The Corresponence of James McNeil Whistler
Home > On-line Edition > Search for People > Document Display

return to search results

Documents associated with: Freer, Charles Lang
Record 39 of 374

System Number: 01504
Date: 6 May 1892
Author: Charles Lang Freer[1]
Place: Detroit
Recipient: Beatrix Whistler[2]
Place: [Paris]
Repository: Glasgow University Library
Call Number: MS Whistler F436
Document Type: ALS

77 Alfred St.
Detroit. Mich -

'May 6th 1892.'[3]

My dear Mrs. Whistler.

Owing to an absence of several weeks from home, your valued letter of March, 19th[4] written at Paris, did not reach me until about ten days ago, since then, I have visited New York and Chicago and at each place I have made careful inquiry of the persons I met who were likely to know about the commission rumored to be offered to Mr Whistler to paint a picture to commorate commemorate the Chicago Exhibition[5] &c. but thus far I have failed to learn of any decisive action having been taken -

On May 16th, one week from Monday next, a convention of american artists and art lovers is to be held in Washington for the purpose of organizing a National Art Association -

The desire being to remove the duty on art, to organize a Government Commission of Art and Architecture, and to make true art more accessible to the masses -

This convention promises to be attended by nearly all of the prominent collectors and amateurs of this country -

[p. 2] While at the convention I shall learn all that I can concerning the facts of the talked of commission to Mr Whistler, and if anything of note is brought out or developed in the matter, I will write you promptly and fully -

I heartily wish that such a work might be undertaken by Mr Whistler for it would stand [as] a lasting monument of the best art of this century - may I add of any century? - commemorating an event of the utmost consequence to the American people and furnishing inspiration in the years to come to countless thousands who are destined to study Art for its real value and enjoy collections of Art in this country second to none in existence -

The coming years will see extraordinary sums of American money spent for Art - The question of the day should be: what steps shall be taken to properly start a movement of such great educational and social importance -

How unfortunate that discrimination in such matters is so rare!

The beautiful lot of Lithographs give me increasing pleasure - I am particularly interested in the single single figures - the charming old bridge over the Thames[6] - the interior [p. 3] of the blacksmith shop[7] and the outdoor scene of the tea party[8], but it is very hard to choose when all are so beautiful -

May I soon expect the colored Lithographs[9] and the Venice Etchings[10]?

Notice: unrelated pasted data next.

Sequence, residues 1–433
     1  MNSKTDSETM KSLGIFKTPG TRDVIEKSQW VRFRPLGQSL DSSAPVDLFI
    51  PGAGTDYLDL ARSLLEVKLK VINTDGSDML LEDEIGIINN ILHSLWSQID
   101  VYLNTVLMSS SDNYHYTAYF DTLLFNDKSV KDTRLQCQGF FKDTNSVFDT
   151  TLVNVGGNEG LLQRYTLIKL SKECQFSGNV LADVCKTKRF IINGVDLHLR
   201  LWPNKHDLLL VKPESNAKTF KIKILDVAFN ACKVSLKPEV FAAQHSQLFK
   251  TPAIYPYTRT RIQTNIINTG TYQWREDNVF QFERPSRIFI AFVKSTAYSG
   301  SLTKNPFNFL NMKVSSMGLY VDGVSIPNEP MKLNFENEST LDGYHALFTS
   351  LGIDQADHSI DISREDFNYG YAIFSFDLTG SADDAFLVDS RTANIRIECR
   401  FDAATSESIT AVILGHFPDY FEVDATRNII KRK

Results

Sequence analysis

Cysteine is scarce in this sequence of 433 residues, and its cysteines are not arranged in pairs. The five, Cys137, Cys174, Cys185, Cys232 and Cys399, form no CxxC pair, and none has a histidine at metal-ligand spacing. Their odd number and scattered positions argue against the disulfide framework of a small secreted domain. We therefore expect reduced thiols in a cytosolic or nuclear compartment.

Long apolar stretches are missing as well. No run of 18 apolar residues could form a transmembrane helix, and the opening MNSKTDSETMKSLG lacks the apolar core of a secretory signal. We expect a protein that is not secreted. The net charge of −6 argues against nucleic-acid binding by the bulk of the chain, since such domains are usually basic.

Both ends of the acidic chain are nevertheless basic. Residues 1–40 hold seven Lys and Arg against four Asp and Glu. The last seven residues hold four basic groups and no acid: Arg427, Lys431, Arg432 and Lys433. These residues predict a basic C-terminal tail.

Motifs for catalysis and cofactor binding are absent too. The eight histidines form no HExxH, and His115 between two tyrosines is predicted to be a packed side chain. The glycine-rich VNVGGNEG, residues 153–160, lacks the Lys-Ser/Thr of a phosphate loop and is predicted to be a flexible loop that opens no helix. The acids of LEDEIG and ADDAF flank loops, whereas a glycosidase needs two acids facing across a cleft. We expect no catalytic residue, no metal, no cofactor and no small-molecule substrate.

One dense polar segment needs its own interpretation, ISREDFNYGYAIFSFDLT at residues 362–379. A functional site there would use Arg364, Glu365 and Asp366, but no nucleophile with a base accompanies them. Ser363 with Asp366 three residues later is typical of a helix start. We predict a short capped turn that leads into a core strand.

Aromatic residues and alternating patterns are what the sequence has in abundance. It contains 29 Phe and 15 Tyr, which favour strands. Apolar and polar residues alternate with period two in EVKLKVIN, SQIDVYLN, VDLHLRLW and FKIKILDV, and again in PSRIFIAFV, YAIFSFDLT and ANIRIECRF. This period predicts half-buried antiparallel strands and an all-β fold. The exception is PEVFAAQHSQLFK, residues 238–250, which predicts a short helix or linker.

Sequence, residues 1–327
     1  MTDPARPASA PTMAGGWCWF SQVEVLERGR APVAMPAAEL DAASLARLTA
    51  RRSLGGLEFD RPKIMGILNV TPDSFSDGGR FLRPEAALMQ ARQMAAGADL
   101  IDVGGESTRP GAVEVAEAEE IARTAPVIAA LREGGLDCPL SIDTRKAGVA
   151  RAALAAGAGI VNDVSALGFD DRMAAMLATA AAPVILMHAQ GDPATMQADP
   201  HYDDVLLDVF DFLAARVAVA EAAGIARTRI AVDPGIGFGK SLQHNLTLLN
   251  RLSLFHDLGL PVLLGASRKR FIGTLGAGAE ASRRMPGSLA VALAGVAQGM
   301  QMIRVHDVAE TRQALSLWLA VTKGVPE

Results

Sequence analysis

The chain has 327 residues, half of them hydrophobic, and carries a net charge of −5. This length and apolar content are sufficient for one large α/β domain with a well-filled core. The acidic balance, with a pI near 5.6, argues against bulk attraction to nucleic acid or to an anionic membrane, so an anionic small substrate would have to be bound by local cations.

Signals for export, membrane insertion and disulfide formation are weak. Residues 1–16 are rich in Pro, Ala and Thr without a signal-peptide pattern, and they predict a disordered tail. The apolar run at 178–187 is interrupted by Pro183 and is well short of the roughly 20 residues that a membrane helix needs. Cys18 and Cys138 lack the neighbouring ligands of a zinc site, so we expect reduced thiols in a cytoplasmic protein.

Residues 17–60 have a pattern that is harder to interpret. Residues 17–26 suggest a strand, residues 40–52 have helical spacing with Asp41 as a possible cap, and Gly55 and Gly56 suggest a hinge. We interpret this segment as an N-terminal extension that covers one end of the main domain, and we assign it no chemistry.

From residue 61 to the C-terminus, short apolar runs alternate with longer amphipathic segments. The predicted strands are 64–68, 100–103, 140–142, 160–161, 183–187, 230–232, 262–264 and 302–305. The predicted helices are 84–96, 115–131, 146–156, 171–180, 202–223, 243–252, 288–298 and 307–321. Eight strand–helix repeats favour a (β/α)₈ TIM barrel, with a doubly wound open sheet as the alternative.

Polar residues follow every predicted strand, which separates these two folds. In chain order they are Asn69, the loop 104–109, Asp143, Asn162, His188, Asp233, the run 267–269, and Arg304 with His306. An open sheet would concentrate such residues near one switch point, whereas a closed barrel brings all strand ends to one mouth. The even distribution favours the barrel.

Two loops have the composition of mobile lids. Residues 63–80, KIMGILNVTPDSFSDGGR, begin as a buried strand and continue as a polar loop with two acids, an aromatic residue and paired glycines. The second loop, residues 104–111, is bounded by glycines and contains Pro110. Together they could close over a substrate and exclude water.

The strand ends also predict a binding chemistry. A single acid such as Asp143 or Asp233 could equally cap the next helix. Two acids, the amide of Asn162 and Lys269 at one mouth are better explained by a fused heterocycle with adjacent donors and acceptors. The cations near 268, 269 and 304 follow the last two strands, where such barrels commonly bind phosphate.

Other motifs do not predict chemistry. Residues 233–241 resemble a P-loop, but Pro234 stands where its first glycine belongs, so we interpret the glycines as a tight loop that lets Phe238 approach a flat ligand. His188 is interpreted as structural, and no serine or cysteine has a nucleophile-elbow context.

Is Mr Whistler doing any work in pastel this spring? I must have another some day to hang beside the extraordinary one[11] I brought home with me two years ago - It is what we americans call "great" - Also some day, I hope to have another water color - a companion for the Liverpool[12] from the Wunderlich Exhibition[13] - possibly I might be favored with a springtime landscape, showing the first flush and delicate tones of early spring[14], the new life, a resurrection thought you know - or perhaps this idea might be beautifully translated in a single figure in pastel - perhaps the same thought for each of the pictures, different of course in treatment as well as medium?

I have read many notices of Mr Whistler's London Exhibition[15] and am glad to know that it has been genuinely successful in the best way - Can you tell me how to secure a copy of the catalogue?

My sister[16] bids me thank you for your kind remembrance and congratulations -

With kindest regards to yourself and Mr. Whistler, I am,
Sincerely yours,

Charles L. Freer

May 6 / 1892

This document is protected by copyright.


1.  Charles Lang Freer
Charles Lang Freer (1856-1919), industrialist, collector and founder of the Freer Gallery of Art [more]. Published in Merrill, Linda, With Kindest Regards. The Correspondence of Charles Lang Freer and James McNeill Whistler, 1890-1903, Washington and London, 1995, no. 12, pp. 86-87.

2.  Beatrix Whistler
Beatrix Whistler (1857-1896), née Beatrice Philip, artist [more].

3.  'May 6th 1892.'
Date added by Beatrix Whistler, in pencil.

4.  March, 19th

5.  Chicago Exhibition
World's Columbian Exposition, Department of Fine Arts, Chicago, 1893. JW exhibited six oils at the exhibition but did not paint a commemorative picture.

6.  bridge over the Thames
Old Battersea Bridge, No. 2 (C.13).

7.  blacksmith shop
The Farriers (C.27) or The Tyresmith (C.36).

8.  tea party
The Garden (C.40).

9.  colored Lithographs
JW had been working on Figure Study in Colors (C.39).

10.  Venice Etchings
Mr Whistler's Etchings of Venice, 1880 (the first 'Venice Set') (K. 183-189, 191-195). (excat 5) or A Set of twenty-six etchings of Venice, 1886 (the second 'Venice set') (K.196-216, 233-237). (excat 6).

11.  one
Not identified.

12.  Liverpool
Grey and Silver - Liverpool (M.913).

13.  Wunderlich Exhibition
'Notes' - 'Harmonies' - 'Nocturnes', H. Wunderlich and Co., New York, 1889.

14.  spring
See Spring (M.1397).

15.  London Exhibition
JW's retrospective exhibition Nocturnes, Marines and Chevalet Pieces, Boussod, Valadon & Cie, Goupil Gallery, London, 1892.

16.  sister
Emma Frances ('Frank') Freer (1845-1915), sister of C. L. Freer [more].